Challenges in Vehicle Rebalancing for Car Sharing Services
Car sharing is a smart mobility paradigm where a population of users share usage of the vehicles. This can be done through booking vehicles for specific time slots from specific locations that are returned to the same locations (two-way car sharing), such as Zipcar, or through the one-way car sharing business model, which allows users to reserve a vehicle and drop it off at any other station (station-based) or location (free floating) within the system. Examples include Car2Go. Car sharing has been shown to be a very sustainable operating model for cities; Martin and Shaheen (2016) showed that a single Car2Go vehicle can effectively remove 7 to 11 privately owned passenger cars from the road.
In New York, the largest megacity in the U.S., the competition for car sharing services is on the rise. Car2Go has a fleet of 550 vehicles, while BMW recently launched a 250-vehicle fleet via its ReachNow division in the same Brooklyn region (Flamm, 2016). The figure below shows the coverage areas of three car sharing services in New York City (NYC): Car2Go, Zipcar, and ReachNow. Both Car2Go and ReachNow are free floating, one-way car sharing systems. Other carsharing services have been developed in New York State as well, such as Ithaca Carshare (Ithaca Carshare, 2011) and an EV car share pilot in Buffalo funded by NSERDA.
Vehicle rebalancing is one of the primary challenges of operating a car sharing service. Potential customers may balk from using the service if there is no available vehicle nearby, or no parking location available near the destination. Staff (or incentivizing schemes for travelers) is needed to relocate idle vehicles to make sure there is sufficient demand throughout the system. Recent findings from simulation tests suggest dynamic rebalancing based on queueing networks has promise in helping solve this problem.
Rebalancing in Electric Vehicle Car Sharing Systems
Rebalancing is further hampered in an electric vehicle (EV) environment. Limited EV infrastructure and long charging times make balancing EV availability by service providers or users much costlier to operate. For example, Car2Go had to switch their EVs in San Diego to gasoline technology because of lack of supporting infrastructure, and eventually shut down service there. None of the shared services in NYC are EV-based, as the shared services all operate outside Manhattan for the cheaper parking options and demand, but there is limited charging infrastructure in the other boroughs (see Fig. 2). Car sharing operations face a drop in passenger demand due to the inconvenience of charging if they switch to EV operations.
The problem is that shared EV operators have TWO rebalancing problems: one to meet customer demand and one to ensure charged vehicles are removed from charging stations while low-charge vehicles are swapped in. Free floating systems reduce the need for rebalancing, but a free-floating system operating with EVs introduces a whole new set of balancing requirements that have not been well studied. Very few systems have been developed to consider both electric vehicle charging and the need to balance vehicles, and all of those have only considered station-based operations. Station-based operations lead to lower demand for the service (due to increased detours), and hasvea high cost since every vehicle would need a parking and charging location. In NYC, this can be especially challenging, as noted by Car2Go, which collects thousands of parking tickets a year. Developing an effective design solution will make it feasible for smart mobility companies like ReachNow to plan how to expand their current free-floating systems and consider implementing EV fleets with evaluation of different charging location plans.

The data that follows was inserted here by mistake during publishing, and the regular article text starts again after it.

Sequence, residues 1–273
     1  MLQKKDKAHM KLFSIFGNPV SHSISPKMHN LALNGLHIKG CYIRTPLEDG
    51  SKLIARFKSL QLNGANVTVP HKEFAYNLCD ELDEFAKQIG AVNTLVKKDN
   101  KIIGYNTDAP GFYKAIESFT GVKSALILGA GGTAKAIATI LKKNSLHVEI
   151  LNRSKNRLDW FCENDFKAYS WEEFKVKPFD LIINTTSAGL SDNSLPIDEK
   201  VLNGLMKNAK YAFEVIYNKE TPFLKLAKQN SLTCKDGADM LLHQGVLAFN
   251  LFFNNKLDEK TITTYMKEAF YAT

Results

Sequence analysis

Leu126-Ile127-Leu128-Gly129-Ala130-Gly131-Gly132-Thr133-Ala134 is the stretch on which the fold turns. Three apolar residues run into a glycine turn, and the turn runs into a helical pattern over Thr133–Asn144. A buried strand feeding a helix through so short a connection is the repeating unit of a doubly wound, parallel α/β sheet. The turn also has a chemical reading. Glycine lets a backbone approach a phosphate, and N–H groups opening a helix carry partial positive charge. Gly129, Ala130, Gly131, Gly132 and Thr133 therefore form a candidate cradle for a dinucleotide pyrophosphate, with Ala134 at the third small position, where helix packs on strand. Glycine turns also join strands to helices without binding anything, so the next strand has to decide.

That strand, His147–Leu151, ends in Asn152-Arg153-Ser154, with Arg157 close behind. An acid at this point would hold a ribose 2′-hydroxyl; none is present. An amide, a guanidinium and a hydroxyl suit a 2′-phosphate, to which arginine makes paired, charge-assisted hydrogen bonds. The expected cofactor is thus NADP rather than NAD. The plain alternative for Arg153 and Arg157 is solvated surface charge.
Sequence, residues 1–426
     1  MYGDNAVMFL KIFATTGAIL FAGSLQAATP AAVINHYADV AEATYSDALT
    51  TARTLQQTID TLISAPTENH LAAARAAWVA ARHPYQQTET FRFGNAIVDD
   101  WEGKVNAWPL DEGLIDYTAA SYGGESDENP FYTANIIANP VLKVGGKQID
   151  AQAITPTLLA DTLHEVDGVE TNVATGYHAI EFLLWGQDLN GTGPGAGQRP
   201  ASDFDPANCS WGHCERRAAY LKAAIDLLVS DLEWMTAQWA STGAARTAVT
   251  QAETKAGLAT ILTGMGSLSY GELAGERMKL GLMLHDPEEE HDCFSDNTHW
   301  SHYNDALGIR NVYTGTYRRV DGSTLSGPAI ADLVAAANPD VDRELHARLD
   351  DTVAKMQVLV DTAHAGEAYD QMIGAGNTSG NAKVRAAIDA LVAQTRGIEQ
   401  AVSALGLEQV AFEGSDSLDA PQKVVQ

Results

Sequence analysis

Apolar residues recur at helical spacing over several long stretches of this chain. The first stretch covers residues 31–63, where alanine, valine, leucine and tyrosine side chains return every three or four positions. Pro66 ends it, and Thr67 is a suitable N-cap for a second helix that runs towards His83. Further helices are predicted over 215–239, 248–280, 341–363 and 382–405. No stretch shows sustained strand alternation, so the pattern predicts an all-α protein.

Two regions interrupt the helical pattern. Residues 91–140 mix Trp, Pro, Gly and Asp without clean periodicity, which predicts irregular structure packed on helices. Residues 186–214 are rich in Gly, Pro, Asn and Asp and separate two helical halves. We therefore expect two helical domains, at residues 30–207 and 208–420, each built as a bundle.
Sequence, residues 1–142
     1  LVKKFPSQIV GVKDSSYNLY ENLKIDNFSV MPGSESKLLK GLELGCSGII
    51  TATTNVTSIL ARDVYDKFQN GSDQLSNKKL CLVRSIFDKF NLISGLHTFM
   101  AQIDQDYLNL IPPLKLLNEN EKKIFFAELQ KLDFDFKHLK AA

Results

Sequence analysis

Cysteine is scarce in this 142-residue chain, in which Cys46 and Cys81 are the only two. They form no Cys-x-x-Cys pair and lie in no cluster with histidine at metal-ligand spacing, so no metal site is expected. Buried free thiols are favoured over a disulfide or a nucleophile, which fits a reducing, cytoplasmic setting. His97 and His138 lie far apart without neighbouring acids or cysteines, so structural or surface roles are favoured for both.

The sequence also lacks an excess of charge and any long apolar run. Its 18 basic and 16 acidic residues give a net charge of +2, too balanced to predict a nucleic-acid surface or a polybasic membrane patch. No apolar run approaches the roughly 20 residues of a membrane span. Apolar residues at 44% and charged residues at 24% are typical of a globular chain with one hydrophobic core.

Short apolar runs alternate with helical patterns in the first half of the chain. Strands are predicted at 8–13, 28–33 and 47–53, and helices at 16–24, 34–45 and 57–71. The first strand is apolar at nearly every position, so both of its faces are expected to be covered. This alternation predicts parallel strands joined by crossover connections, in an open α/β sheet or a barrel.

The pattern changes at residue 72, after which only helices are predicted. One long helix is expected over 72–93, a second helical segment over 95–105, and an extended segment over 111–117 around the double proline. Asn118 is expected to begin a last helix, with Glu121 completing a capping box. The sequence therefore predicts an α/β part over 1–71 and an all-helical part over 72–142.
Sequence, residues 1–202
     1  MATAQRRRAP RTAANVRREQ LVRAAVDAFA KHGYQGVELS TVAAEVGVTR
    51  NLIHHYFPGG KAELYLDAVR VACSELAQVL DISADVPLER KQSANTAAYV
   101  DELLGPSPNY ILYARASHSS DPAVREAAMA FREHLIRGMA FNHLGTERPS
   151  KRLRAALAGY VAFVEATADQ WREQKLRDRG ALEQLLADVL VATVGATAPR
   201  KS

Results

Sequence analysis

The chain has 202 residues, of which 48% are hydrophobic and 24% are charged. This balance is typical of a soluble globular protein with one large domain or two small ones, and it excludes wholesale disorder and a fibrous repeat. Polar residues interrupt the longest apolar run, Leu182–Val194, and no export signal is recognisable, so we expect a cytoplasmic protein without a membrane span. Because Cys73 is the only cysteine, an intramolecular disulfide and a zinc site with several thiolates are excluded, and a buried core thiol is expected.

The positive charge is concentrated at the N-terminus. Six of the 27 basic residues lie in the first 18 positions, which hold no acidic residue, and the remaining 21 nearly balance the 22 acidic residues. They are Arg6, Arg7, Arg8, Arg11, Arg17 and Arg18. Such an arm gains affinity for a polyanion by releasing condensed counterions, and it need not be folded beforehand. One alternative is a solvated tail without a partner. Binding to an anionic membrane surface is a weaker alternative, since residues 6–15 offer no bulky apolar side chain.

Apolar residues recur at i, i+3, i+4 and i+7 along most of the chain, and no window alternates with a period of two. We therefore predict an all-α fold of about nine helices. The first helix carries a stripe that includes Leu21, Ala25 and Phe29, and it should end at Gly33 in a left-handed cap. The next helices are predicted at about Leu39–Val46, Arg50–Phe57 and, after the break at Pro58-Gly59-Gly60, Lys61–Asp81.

The research team aims to test a new queueing network-based dynamic rebalancing strategy in test cases provided by ReachNow in Brooklyn, NY. The strategy can operate in a non-EV as well as an EV setting, so computational experiments for both will be conducted.
In addition, the researchers will develop a MATSim agent model of the study area in NYC, calibrate it based on household travel survey data from NYMTC, Openstreetmap, traffic data from NYCDOT, and transit schedules from GTFS. Example screenshots of the uncalibrated base model are shown in Fig. 3 above.
The model will be calibrated with the non-EV carsharing fleet data from ReachNow. The simulation tool will be modified to embed the new rebalancing algorithm that the researchers are developing. Based on the data, the research team can then evaluate non-EV operations with the proposed rebalancing strategy and compare social welfare measures. EV operating data will not be available at the time of this project to evaluate an EV fleet with MATSim.
The team plans to end the project with a workshop for invited guests held jointly with Don Mackenzie’s research group from University of Washington so the two teams can share findings from their car sharing projects.
Deputy Director, C2SMART center
Assistant Professor, NYU Abu Dhabi